Taquile island, surrounded by Lake Titicaca’s piercing blue waters and surrounding islands, offers spectacular views from every angle.
With no motorised vehicles allowed on the island and little light, noise or rubbish pollution, Taquile is very much an untouched paradise.
In fact, you’re far more likely to bump into a herd of grazing sheep than a car or bike—or even another tourist.
The north of the island is also home to deserted, pristine, white-sand beaches that allow the locals to take a refreshing dip in the crystal-clear waters of Lake Titicaca.
Taquile is marked by its Incan cobbled paths and stone archways, which mark the beginning and end of the different communities on the island. The arches also represent an official welcome to visitors each time they pass through each mini-region of the island.
Taquile is home to two sacred Inca ceremonial sites built on the highest part of the island.
They are so sacred that locals are only allowed to enter once a year during the annual Pachamama (Mother Earth) offering in the presence of the highest shamans.
The main ceremonial site is closed off and strictly forbidden to enter, but it’s possible for visitors to enter a small, walled off section where it’s possible to view the ceremonial site from a short distance.
Whilst the scenery and archaeological ruins are undoubted highlights, what really makes this place special is its people.
Families on Taquile welcome visitors into their homes, showing you their customs, traditions and way of life.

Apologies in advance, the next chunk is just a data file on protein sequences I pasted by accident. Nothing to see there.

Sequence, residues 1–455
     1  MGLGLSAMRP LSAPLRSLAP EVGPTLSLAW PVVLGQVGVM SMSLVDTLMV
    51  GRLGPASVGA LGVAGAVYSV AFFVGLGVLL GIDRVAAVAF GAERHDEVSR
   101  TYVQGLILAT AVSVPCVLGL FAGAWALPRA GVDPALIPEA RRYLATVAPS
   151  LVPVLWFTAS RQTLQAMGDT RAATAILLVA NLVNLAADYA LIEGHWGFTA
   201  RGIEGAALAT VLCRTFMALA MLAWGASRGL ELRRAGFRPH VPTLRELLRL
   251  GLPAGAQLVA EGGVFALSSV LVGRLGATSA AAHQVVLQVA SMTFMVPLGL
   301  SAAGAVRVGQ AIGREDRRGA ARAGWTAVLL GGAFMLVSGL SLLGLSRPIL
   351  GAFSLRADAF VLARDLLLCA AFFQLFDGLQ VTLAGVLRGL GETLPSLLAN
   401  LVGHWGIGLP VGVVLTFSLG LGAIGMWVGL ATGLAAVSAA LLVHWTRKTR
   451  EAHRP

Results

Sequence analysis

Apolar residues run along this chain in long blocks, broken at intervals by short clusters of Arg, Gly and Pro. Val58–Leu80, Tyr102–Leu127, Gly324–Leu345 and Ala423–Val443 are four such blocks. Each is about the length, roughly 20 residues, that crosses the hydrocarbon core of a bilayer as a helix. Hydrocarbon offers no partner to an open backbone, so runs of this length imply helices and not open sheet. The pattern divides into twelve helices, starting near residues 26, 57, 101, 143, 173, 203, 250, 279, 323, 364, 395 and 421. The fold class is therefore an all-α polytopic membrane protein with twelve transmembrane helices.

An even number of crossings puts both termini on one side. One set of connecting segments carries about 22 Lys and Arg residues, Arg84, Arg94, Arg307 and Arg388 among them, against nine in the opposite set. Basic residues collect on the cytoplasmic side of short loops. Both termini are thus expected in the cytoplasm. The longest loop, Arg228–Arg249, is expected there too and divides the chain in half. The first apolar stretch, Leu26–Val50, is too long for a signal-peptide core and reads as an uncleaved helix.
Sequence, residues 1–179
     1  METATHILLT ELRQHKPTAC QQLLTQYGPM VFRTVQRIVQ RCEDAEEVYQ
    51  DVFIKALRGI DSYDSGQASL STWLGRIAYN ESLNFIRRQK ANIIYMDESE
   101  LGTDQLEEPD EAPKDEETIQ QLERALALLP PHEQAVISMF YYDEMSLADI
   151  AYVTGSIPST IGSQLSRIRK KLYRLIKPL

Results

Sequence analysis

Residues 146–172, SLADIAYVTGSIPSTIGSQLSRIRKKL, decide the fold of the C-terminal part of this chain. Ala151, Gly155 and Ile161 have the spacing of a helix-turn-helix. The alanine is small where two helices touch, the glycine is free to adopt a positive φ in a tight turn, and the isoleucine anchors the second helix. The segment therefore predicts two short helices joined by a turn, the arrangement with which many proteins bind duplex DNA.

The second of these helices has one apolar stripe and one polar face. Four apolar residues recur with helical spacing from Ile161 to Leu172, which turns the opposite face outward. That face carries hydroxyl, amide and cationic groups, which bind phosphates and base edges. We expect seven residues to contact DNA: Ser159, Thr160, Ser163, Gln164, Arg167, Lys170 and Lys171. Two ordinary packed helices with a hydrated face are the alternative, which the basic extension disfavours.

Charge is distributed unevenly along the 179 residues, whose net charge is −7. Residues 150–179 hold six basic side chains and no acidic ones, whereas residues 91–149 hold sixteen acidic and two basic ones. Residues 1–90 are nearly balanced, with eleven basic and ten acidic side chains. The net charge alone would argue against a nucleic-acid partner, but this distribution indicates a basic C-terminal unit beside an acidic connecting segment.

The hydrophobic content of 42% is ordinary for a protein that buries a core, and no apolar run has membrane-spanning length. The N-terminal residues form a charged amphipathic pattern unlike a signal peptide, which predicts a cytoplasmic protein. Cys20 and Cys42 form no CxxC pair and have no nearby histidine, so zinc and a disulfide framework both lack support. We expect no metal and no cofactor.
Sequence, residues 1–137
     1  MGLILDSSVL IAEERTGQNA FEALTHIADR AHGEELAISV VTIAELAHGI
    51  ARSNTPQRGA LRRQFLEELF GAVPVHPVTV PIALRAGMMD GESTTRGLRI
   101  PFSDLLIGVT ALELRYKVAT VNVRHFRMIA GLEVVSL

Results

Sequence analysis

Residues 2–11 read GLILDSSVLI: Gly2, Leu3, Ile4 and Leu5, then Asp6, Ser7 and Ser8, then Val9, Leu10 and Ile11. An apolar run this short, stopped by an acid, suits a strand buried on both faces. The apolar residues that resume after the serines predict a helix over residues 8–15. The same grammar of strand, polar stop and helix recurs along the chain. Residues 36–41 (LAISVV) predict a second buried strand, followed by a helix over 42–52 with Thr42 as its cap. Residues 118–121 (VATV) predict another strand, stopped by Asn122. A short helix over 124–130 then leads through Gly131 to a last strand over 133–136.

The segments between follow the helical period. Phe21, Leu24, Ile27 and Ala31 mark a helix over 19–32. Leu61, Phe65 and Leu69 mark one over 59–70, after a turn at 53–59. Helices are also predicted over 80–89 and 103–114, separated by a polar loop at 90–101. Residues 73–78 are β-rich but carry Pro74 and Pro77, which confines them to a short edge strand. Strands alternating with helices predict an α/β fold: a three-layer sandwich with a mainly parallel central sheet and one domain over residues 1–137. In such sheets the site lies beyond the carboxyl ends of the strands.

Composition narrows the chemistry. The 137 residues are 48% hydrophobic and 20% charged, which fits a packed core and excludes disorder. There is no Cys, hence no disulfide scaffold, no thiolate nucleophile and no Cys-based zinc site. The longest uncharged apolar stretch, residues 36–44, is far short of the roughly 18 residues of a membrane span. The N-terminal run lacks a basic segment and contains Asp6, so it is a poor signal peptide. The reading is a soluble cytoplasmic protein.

They’re full of life, always smiling, and—most importantly—welcome their visitors as if they were family.
Children play a big role in helping the family in daily tasks, including the important ploughing and sowing of the quinoa and potato terraces.
Taquile is known for producing some of Peru’s best quality textiles. In fact, their hand-knitted hats, gloves and cumberbund-like waistbands are considered so special that, in 2005, they were named Masterpieces of the Oral and Intangible Heritage of Humanity by UNESCO.
What few people know, however, is that the making of these intricate, hand-knitted handicrafts is an activity exclusively reserved for men. For Taquileños (men from Taquile), knitting—seen as a highly intricate and creative skill—is a way to publicly show your worth to the community.
While knitting may be reserved for men, the women are in charge of spinning the wool and weaving the intricate Chumpis; the thick, cummerbund-like waistbands worn by all men in the community.
When it comes to agriculture, Taquileños and Taquileñas still use ancient farming techniques and tools. For example, the Incan Chaki Taklla, a foot plough made of a wooden pole with a sharp point made from stone or metal, is used for ploughing and sowing the potato terraces.
To arrange a homestay directly with the local community, contact Jaime at firstname.lastname@example.org or on (51) 971141905. You can find their website here for more details.